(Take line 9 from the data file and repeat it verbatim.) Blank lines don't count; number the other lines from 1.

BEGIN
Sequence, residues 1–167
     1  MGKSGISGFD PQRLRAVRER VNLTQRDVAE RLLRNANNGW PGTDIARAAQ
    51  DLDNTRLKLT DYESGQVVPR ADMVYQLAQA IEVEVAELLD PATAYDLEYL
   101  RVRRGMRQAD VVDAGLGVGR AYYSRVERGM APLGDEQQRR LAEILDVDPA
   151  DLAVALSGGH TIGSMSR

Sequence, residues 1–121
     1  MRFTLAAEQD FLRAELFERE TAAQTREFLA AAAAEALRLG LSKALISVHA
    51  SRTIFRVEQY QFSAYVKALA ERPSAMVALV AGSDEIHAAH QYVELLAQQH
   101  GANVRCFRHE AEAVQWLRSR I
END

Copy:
   101  GANVRCFRHE AEAVQWLRSR I